The effects of Covid can linger long after the infection has cleared, with issues such as breathlessness causing problems months beyond the infection. So, is there any post-Covid treatment that can help?

a woman with her hands on her upper chest experiences breathlessness post-Covid

Covid infection: gone but not forgotten

It’s not uncommon for viral infections to produce symptoms that persist. The common cold virus can come and go in a few days, but many of us experience a week or two of persistent coughing and low energy.

The same is true for Covid. Many people find they have symptoms such as chest tightness, breathing trouble and fatigue after a Covid infection has cleared. But for some, these post-Covid symptoms can go on for months. In fact, research by the Chinese University of Hong Kong suggests that post-Covid (or ‘long Covid’) syndrome affects around two million people in Hong Kong, in some cases lasting for two years.

Why do some people get post-Covid syndrome?

The science around long Covid is improving all the time, and researchers are developing a better understanding of those factors that mean some people experience ongoing Covid symptoms.

In one large-scale study in the US, a group of researchers looked at health and  physiological data of people who had respiratory infections. Only some of these infections were Covid, others had infections of a different type. While there were a lot of similarities in their data, the Covid sufferers stood out in a couple of ways.

First, their activity levels decreased, and their sleep increased, even before they showed symptoms. Second, there was an increase in their resting heart rate. While this is typical of many infections, it usually settles back to baseline within around four days of an infection clearing. With Covid, it took an average of 79 days, and in 14% of cases, 133 days.

So, what triggers these abnormalities and the other symptoms of post-Covid syndrome? One suggestion is that some people have been found to have ‘stickier’ blood following a Covid infection, which may be leading to tiny clots. In other cases, people’s immune systems remain in a state of overdrive, failing to reset after the infection has cleared. This puts them in a state of constantly raised inflammation. These issues may go a long way to accounting for symptoms such as fatigue and brain fog.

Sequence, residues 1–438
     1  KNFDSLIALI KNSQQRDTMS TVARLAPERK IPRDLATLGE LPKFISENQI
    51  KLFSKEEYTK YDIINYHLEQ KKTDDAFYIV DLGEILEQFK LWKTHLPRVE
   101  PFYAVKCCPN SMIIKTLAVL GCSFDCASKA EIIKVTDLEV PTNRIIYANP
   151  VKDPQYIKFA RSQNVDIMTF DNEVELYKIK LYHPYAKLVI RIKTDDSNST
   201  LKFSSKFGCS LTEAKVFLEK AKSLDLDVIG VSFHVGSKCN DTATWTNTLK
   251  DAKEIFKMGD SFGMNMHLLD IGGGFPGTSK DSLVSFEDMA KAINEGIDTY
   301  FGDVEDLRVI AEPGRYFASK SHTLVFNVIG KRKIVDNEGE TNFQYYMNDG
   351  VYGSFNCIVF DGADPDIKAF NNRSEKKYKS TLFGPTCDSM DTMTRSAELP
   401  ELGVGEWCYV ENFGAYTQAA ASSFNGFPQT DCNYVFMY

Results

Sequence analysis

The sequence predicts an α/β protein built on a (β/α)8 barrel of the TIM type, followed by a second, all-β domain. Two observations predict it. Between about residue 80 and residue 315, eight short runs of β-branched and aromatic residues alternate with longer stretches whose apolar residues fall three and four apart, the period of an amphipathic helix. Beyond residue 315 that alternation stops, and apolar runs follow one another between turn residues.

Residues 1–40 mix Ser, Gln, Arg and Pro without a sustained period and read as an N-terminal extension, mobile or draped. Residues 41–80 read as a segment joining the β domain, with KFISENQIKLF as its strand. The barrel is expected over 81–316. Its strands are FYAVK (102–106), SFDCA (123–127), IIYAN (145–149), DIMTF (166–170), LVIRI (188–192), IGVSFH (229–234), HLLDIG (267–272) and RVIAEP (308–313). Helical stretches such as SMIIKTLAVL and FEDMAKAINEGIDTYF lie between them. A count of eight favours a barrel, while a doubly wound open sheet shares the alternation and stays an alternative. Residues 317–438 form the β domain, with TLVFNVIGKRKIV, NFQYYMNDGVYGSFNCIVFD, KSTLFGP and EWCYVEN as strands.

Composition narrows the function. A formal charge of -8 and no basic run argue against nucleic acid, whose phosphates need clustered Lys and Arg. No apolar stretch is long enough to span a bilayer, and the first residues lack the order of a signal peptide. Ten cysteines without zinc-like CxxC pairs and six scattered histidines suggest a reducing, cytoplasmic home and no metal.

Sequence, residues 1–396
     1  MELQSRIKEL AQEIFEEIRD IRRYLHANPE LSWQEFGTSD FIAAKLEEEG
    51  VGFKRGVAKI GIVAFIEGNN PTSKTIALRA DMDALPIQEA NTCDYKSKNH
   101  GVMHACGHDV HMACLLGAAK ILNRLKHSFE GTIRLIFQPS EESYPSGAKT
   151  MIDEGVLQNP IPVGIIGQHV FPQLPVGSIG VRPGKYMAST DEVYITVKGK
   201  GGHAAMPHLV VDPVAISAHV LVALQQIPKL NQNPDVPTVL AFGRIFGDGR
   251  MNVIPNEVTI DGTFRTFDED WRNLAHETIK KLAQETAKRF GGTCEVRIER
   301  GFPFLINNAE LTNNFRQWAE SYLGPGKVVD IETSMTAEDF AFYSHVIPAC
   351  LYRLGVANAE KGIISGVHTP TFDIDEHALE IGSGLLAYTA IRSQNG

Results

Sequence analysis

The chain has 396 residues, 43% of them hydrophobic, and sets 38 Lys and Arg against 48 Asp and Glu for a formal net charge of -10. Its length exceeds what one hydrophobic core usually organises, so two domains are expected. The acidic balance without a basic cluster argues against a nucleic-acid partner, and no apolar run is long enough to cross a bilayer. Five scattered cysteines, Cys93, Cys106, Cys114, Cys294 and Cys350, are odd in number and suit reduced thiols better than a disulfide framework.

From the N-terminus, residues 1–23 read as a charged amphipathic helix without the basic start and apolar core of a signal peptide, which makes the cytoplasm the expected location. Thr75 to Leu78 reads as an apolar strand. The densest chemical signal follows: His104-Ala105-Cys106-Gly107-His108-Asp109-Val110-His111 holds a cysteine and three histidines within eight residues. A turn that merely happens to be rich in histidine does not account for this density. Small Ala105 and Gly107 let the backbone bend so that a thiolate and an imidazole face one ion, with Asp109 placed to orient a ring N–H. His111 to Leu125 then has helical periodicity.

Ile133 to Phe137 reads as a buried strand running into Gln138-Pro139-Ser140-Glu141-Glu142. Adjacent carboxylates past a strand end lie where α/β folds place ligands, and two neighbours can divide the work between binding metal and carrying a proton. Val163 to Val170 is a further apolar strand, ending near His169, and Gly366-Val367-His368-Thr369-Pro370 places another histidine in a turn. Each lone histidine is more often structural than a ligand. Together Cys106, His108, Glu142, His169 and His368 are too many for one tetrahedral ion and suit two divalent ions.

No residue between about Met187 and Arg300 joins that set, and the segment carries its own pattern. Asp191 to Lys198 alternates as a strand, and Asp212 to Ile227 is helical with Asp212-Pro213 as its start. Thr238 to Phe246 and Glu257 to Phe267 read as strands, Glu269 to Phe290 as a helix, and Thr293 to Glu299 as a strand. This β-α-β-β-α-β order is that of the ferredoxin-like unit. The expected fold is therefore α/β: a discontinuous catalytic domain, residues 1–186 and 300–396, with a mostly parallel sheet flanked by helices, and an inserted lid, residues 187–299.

The osteopathic approach: boosting recovery

Both the virus itself and the coughing it produces can leave patients with rib pain, costochondritis, muscle tightness and fatigue, all of which can be eased by a combination of soft tissue and specific mobilisation techniques.

One of the effects peculiar to Covid seems to be to leave people with a poor breathing pattern. They tend to breathe in the upper chest, rather than drawing breath down to the base of the lungs where efficient gas exchange happens. Olympic athlete, Guy Learmont, commented that he had to ‘learn to breathe again’ following a Covid infection that nearly ended his career.

Osteopaths are experts in improving function. This includes assessing and treating the ‘machinery’ of breathing – the ribs, spine, diaphragm and neck. Our director at OCHK, Stephen Watts, explains his experience of treating patients post-Covid:

When I first treated clients with post-Covid symptoms, they’d booked in for other problems. As I assessed them, the tightness around their chest, ribs and neck jumped out at me – it was only then they mentioned they’d been having ongoing problems. Luckily, osteopathy has a host of technique options for the ribs, lymphatics, spine and nervous system that can be applied to reduce troublesome symptoms, such as difficulties with breathing and sleeping.

Now, it’s a routine thing for all our osteopaths to check with clients about their ‘post-Covid’ status – although assessing them still often gives it away. Clients find that treatment allows them to breathe more easily, they feel more relaxed, less fatigued, and they sleep better. So really, my aim is to boost their health, allowing their bodies to get on with the recovery process to the full.”

And it’s not just osteopathy that can aid patients back to health. Working with a yoga therapist can be an excellent way to normalise and improve breathing patterns. Yoga teaches conscious breathing and can increase lung capacity and function. Learning this breathwork activates the parasympathetic nervous system, reducing stress, lowering blood pressure, and aiding digestion and sleep. So, alongside addressing post-Covid breathing dysfunction, yoga has a host of other health benefits that can help get you on track to recovery.

Are you struggling with post-Covid symptoms?

The OCHK team in Central is ready to help. Why not book a session with one of our health experts and find out how we can make a difference to your health?

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